You can find DIY kits for testing paint and ceramics at most paint and hardware stores for $8 - $10. These kits contain chemicals that change color when rubbed against a surface that contains lead.
However, it's important to note that these kits can only determine if there is lead in the paint you tested. They cannot tell you the amount of lead present or if it poses a hazard. Additionally, these kits cannot be used to test for lead in soil. If you choose to use a lead test kit for your paint, carefully follow the instructions on the package. Make sure to test the bottom layers of paint by cutting a slanted notch with a sharp knife and testing all the layers in the notch. Look for the color change indicated by the test kit.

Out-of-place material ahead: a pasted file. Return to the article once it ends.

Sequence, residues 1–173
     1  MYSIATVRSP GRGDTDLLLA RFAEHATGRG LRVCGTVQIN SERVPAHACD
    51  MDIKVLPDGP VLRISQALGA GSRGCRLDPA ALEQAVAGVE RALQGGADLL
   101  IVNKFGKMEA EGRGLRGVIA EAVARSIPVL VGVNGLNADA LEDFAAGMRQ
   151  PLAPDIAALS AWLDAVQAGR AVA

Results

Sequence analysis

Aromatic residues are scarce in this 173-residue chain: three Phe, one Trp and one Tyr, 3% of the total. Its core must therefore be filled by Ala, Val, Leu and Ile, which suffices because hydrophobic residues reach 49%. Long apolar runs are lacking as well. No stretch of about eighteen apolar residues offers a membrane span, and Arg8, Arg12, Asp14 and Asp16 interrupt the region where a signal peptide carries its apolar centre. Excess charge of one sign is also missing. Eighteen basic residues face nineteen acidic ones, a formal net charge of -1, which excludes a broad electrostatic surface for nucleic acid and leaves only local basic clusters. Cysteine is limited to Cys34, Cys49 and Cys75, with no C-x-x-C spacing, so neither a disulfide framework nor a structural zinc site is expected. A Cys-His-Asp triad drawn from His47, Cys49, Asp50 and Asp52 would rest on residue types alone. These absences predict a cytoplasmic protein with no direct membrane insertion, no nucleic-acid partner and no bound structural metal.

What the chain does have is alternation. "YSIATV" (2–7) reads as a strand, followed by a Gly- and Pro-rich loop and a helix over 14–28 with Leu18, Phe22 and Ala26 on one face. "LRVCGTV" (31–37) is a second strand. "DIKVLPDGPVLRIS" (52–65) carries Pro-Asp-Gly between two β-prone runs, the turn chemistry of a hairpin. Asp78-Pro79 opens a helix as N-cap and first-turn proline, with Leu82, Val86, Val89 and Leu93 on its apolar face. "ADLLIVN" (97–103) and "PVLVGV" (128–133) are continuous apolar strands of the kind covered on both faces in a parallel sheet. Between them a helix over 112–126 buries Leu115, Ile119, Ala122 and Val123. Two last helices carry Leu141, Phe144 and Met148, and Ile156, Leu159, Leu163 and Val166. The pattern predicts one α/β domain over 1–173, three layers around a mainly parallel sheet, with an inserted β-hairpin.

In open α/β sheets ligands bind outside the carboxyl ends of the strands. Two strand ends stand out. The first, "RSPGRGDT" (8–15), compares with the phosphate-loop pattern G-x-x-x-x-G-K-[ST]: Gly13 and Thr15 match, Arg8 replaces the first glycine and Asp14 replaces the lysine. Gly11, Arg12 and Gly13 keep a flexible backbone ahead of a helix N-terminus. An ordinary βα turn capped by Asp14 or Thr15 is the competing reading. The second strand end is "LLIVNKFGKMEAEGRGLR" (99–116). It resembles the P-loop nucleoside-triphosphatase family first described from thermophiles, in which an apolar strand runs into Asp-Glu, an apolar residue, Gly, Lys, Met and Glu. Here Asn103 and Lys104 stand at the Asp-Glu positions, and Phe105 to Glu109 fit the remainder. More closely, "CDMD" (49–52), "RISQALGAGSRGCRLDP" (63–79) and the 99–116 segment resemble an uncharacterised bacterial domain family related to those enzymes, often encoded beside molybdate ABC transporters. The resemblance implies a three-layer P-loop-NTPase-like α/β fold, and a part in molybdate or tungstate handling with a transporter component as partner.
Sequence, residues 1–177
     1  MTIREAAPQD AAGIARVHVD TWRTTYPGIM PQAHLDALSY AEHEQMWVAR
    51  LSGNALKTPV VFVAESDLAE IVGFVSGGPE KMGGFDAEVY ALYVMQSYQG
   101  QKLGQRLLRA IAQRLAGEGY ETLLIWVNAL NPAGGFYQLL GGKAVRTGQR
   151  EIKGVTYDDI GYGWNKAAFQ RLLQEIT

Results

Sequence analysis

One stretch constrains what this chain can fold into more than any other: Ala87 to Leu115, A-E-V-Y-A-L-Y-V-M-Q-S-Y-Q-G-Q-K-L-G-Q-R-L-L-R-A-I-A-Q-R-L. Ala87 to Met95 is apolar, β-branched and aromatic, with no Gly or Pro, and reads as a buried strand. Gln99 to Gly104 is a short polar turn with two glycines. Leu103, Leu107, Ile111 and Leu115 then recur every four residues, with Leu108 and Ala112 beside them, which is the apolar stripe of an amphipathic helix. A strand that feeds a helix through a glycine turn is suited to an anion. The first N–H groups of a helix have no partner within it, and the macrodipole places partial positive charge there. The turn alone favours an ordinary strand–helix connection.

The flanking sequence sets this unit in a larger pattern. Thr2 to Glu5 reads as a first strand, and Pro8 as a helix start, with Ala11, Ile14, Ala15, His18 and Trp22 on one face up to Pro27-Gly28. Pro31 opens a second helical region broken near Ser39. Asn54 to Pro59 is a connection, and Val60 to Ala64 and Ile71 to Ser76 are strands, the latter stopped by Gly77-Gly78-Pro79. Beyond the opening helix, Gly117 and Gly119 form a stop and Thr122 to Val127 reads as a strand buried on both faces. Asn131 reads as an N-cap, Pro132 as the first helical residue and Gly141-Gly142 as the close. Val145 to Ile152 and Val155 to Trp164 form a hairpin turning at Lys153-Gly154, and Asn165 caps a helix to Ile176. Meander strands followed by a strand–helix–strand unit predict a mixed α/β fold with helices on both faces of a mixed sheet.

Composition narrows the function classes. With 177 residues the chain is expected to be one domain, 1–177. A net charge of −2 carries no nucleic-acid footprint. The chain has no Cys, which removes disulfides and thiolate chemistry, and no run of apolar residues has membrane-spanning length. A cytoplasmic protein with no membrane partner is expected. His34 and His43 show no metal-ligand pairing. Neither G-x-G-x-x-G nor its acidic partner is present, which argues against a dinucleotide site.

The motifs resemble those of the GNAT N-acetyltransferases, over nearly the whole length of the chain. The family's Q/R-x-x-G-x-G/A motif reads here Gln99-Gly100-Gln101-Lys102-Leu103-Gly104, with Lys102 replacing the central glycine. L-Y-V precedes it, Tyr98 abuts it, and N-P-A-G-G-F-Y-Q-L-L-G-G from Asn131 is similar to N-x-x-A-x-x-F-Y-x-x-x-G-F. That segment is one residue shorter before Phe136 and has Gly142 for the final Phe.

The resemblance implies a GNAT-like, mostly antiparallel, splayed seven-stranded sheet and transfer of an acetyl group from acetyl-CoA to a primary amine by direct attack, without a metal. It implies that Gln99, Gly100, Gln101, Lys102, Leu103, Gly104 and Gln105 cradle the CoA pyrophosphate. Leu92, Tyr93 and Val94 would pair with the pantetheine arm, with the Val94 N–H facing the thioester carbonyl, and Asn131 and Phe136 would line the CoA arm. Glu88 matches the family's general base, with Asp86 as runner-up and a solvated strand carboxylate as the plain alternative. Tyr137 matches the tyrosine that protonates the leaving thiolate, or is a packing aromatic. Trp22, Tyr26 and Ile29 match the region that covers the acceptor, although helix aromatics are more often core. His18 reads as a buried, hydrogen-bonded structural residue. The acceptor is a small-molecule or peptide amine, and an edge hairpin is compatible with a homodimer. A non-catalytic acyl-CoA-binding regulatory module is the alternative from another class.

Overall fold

If your house was built before 1978 and the lead test kit shows a negative result (no color change), it is recommended to have an accredited lab test the paint to ensure the accuracy of the lead test kit. Structures built before 1978 are legally assumed to have lead-based paint unless a state-certified Inspector/Assessor has conducted quantitative testing to prove otherwise.
Contact us so we can provide you with some of our trusted state-certified inspector's contact info.
Source: California Department of Public Health